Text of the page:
You are lost in thick fog in open country. You don’t have a compass. You have a map but you have no idea where you are on the map and you can see none of the landmarks—a hilltop, a church spire, a radio mast—that would allow you to get your bearings, triangulate your position, move forward in the right direction. You can see the details of your immediate environment clearly enough—the muddy path, the gate in the fence, the cows watching you with bovine amusement from the other side of the fence. But none of this immediate, localized “clarity” is of much use if your intention is to get home in time for dinner.
This is the problem—one of the problems—that the modern church has with reading the Bible. Very often what we mean when we affirm the clarity or perspicuity of scripture is that we can see the immediate details, we can understand the isolated verse or paragraph. The human mind is extremely adept at making apparent sense of what is put in front of it. We are skilled at assimilating texts into our worldview or theological system, and texts taken in isolation are usually powerless to stop us. They seem clear enough, but we have only a very poor, disoriented sense of how they relate to the whole—and more seriously, we have no idea in which direction to go.
I have just read an article by Andrew Wilson published in Christianity magazine in the UK, in which he suggests that the biggest theological debate in the next twenty years will be over “how we read, understand and apply the Bible”. What looks like a condensed version of the article can be found on the Theology Matters blog. Wilson may well be right, but I have the impression from what he has to say about the “clarity of scripture” that he has not seen the wood for the trees. He starts with this confident affirmation:
I believe in the perfect clarity of scripture, but I don’t believe in the perfect clarity of human thinking.
This makes sense only if a) we assume that the composition of scripture did not involve “human thinking”, and b) we posit the existence of an ideal text that exists apart from any actual muddle-headed reader—perhaps a “mother of the book”, kept in heaven, which we will be able to read with perfect understanding after we die. Both of these are thoroughly sub-Christian notions. What we have is a motley collection of historical documents written within a narrow cultural tradition by ordinary humans inspired by the Spirit of God. But that is not the point that I intended to make here. Wilson continues:
In fact, when you look at the way Jesus handled theological disagreements, he doesn’t seem to have identified the clarity of scripture as the problem—he was comfortable simply saying ‘it is written’. But he and the apostles did say that misunderstandings, confusion and disagreement could result from human beings’ ignorance, foolishness and slowness of heart, established human tradition being put above God’s word, immaturity and lack of discernment, carnality, hypocrisy, legalism and false teaching.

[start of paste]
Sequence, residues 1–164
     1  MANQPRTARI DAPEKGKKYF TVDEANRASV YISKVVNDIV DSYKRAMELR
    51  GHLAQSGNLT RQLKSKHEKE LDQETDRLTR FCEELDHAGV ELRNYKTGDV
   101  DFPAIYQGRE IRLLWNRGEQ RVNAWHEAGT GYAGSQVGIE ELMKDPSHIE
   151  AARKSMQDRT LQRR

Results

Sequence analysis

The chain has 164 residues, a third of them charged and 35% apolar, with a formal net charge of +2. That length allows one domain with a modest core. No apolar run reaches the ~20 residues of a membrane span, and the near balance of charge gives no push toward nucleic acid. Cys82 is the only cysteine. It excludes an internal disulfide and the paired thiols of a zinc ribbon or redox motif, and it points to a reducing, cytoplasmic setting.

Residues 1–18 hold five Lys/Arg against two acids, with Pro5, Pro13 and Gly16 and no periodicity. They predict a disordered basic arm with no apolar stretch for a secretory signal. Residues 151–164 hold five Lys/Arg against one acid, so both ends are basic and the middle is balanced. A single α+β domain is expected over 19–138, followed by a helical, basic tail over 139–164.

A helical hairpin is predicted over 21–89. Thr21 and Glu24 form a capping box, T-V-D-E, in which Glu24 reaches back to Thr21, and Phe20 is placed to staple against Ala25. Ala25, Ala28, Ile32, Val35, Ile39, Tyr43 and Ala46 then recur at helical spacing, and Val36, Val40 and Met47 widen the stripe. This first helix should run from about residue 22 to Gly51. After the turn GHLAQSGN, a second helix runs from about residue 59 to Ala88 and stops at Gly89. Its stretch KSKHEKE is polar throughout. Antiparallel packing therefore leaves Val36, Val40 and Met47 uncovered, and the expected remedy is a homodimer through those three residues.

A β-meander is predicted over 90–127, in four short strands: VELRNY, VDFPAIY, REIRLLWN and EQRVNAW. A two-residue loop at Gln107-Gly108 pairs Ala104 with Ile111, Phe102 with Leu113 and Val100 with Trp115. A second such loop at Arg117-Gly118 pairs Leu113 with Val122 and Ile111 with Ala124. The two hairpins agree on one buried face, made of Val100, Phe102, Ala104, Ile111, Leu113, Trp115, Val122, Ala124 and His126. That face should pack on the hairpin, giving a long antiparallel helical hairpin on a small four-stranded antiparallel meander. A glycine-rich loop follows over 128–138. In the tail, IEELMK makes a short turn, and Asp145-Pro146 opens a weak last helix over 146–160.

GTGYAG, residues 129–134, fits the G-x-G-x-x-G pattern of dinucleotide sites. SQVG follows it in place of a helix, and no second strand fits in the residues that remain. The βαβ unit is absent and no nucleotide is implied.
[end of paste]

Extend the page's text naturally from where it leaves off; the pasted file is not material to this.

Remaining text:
Now it is certainly true that a good deal of misunderstanding can be attributed to the frailty and fallibility of the interpreter. But the simple distinction between the clarity of scripture and the obtuseness of the interpreter is hard to maintain and even harder to apply.
First, what do we do with the fact that Jesus was a pre-critical interpreter of the scriptures while we are post-critical interpreters of the scriptures? I’m not suggesting that we understand the Old Testament better than Jesus, but we certainly cannot read the Old Testament in the same way that Jesus did. Jesus read the scriptures as a first century Jewish prophet. To some extent we can enter imaginatively into his world and look at things from his perspective, but as soon as we pretend that the distance between us and Jesus can be collapsed, we reverse the process: we no longer enter his world but drag him into ours.
Secondly, we have to consider to what extent Jesus as a prophet to Israel was a creative, innovative or subversive interpreter of scripture. What a prophet does with scripture in bending tradition in a new direction is not necessarily the same as what your average modern lay person, pastor or scholar does with scripture. Wilson’s article rather suggests—though he may not have intended this—that the real purpose of theology is to resolve our long-running disputes over “hell, penal substitution, the roles of men and women, sexuality”, etc. Jesus never let theological disputes get in the way of his eschatological purpose.
Thirdly, Jesus was not lost in a fog. He knew exactly where the landmarks were because he lived and breathed the story of Israel, as it reached back to Abraham and forward to the eschatological crisis of the end of the age. He certainly had to deal with details—the controversies that were thrown at him by an increasingly frustrated Jewish leadership, the particular challenges of forming a renewal movement, and so on. But the details presuppose the overarching story and are no more useful to the interpreter apart from that story than the path and the fence and the cows are to the person lost in the fog.